History of the Dawkins Line Trail

                                                                                By Randall Risner
      The Dawkins Lumber Company incorporated the Big Sandy and Kentucky River Rail Road in 1912 to build a 31 mile track from Van Lear in Johnson County through Magoffin County to Breathitt County. The first section completed was to Riceville which was the headquarters until 1920. In 1920 the tracks were extended to Carver through a 662 foot tunnel connecting Ivyton to Gun Creek. The headquarters was relocated to Royalton that year but the tracks never reached Breathitt at that time. Unfortunately the stock market crash in 1929 played the same havoc with the Dawkins Lumber Company that it did to so many other businesses, namely it forced them into bankruptcy. The BS & KR Rail Road stock in its entirety was sold to the Chesapeake & Ohio RR on September 22nd, 1930. In 1949 the track was finally extended to Evanston in Breathitt County through a massive 1555 foot tunnel. Some of the rail bed was rerouted at Carver and the old rail bed was used for a road. In 1972 the C & O merged with the Baltimore & Ohio and the Western Maryland which it had acquired in 1960 becoming the Chessie System. In 1982 Chessie would merge again this time with Seaboard becoming the CSXT Rail Road. In January 2002 R J Corman began the acquisition process to purchase the Dawkins Subdivision from CSXT. R J Corman would operate the last train on the line in 2003 and filed for abandonment in 2004.

     Here are a few interesting facts about the Dawkins Subdivision. By the time it was completed in 1949 it had 36.13 mile of track, two tunnels and 35 bridges several of which exceed 200 feet in length. The Gun Creek Tunnel was completed in 1920 under the original owners and the Carver Tunnel was completed in 1949 by the C & O. The rail line was used to haul timber, passengers and coal; it was the engine that drove Magoffin County’s economy for generations.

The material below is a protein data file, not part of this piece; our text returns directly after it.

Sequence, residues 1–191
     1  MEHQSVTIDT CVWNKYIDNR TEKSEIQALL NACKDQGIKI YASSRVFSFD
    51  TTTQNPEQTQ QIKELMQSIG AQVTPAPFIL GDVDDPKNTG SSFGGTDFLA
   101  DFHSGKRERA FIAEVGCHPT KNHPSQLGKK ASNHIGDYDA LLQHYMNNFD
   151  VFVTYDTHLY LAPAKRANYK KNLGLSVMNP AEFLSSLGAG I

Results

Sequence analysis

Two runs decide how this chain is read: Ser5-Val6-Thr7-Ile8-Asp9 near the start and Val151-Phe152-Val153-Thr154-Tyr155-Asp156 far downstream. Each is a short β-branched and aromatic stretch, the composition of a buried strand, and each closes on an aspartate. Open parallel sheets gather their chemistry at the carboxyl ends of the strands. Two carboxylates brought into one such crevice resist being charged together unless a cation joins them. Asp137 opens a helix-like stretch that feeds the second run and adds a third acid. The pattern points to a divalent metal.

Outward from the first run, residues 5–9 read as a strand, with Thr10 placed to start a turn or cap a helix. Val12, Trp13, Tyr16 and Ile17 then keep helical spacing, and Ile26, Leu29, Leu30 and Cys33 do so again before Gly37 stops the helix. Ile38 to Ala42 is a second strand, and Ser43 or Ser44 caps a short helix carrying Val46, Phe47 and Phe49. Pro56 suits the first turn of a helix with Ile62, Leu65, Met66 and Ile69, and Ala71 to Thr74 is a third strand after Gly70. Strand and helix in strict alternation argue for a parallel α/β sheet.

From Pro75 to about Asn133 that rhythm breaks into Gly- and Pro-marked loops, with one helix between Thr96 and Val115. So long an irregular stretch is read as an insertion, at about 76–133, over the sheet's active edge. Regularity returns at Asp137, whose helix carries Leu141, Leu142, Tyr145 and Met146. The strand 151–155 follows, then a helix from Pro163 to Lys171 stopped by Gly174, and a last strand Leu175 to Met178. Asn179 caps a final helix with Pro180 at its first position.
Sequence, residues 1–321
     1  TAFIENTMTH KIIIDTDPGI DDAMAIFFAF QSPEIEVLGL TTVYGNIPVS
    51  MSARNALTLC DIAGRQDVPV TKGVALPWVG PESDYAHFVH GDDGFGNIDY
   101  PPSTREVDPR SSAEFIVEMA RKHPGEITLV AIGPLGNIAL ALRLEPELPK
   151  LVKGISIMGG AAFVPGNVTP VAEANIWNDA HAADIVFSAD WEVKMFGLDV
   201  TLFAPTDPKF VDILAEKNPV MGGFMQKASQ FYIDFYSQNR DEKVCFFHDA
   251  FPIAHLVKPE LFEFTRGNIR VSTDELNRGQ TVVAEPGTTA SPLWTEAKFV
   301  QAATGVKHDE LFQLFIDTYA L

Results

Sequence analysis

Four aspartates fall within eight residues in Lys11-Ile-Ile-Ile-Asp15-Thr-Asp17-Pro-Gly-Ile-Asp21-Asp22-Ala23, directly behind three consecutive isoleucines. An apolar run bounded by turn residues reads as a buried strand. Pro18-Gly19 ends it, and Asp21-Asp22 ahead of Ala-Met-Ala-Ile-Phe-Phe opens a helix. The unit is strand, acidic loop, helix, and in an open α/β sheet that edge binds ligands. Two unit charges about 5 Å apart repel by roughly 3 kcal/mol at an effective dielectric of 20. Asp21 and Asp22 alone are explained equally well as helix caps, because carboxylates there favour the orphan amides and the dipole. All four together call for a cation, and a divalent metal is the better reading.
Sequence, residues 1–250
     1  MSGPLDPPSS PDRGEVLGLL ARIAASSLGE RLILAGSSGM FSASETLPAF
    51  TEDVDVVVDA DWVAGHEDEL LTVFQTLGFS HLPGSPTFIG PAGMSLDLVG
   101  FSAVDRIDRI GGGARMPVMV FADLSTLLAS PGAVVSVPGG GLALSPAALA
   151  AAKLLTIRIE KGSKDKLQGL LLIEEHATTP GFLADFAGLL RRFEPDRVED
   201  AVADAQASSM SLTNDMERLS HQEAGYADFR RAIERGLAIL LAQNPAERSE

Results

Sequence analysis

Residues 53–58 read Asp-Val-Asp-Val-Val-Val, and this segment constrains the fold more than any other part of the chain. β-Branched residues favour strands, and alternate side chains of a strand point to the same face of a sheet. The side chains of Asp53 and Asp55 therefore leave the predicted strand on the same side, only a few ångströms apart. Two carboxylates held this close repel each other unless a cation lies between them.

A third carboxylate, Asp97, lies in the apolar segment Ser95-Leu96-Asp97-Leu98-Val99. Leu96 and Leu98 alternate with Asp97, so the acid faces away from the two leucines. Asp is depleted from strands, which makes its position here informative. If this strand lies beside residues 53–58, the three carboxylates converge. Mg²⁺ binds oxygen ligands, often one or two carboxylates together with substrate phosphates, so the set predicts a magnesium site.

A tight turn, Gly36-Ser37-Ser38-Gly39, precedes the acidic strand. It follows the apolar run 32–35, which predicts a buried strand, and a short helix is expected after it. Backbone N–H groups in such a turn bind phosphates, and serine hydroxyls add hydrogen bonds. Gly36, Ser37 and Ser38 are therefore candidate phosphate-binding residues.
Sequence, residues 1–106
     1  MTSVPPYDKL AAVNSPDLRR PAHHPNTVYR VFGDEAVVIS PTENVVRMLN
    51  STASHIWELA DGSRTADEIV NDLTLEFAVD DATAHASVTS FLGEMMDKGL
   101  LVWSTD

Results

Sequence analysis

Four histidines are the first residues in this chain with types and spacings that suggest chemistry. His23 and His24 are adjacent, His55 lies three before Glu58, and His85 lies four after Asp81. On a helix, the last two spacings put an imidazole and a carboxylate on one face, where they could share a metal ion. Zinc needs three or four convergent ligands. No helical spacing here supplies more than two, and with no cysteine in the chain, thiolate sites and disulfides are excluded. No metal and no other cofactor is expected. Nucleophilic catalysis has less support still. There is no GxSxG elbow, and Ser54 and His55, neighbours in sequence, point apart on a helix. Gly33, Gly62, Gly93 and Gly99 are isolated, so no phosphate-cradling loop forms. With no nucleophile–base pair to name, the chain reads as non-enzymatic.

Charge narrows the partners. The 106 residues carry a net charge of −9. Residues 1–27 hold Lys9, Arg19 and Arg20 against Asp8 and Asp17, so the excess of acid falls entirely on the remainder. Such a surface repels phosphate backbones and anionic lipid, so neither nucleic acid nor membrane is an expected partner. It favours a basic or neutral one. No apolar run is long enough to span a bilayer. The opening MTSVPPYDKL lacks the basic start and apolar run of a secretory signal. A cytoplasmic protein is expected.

When R J Corman filed to abandon the line it was Rail banked, a state and federal process whereby abandoned rail road right of ways are preserved for future use as a trail. In May 2011 the right of way was purchased from R J Corman by the state of Kentucky for 500,000 dollars and an additional 2,500,000 dollars was set aside by the state for this Rail to Trail project.

     Now having given you an overview of the history of the Dawkins Subdivision as the line was known as I will try to relate a little about the effects of this rail road. Perhaps the most important thing to consider is how isolated Magoffin County was in 1912. Roads were poor or nonexistent in much of the county. This line provided a much better mode of travel in and out of the county and allowed for the movement of goods into and out of the county. The Dawkins Lumber Company was a Canadian firm and a substantial town named after the Royal Bank of Canada grew up around the rail station and lumber mill near the mouth of Gun Creek. Of course I am talking about Royalton which at one time possessed a bank, numerous business and a larger population than her sister city Salyersville. The rail station in Royalton was the receiving point for most goods shipped into the county and was the main pickup point for passengers. When W H Dawkins, T N Fannin and L H Davis Incorporated the BS & KR Rail Road in 1912 I have to wonder if they foresaw the impact it would have in Eastern Kentucky for the next century. Almost every family in the area had someone who worked for the rail road, lumber mill, timber cutting, coal mining or other industries and businesses associated with the Dawkins Line. My uncle Holland Marshall went to work on the RR when he was 16 years old and spent nearly half a century working for them. He loved his job and never missed an opportunity to work overtime.

Photos Courtsey of Adam Manns

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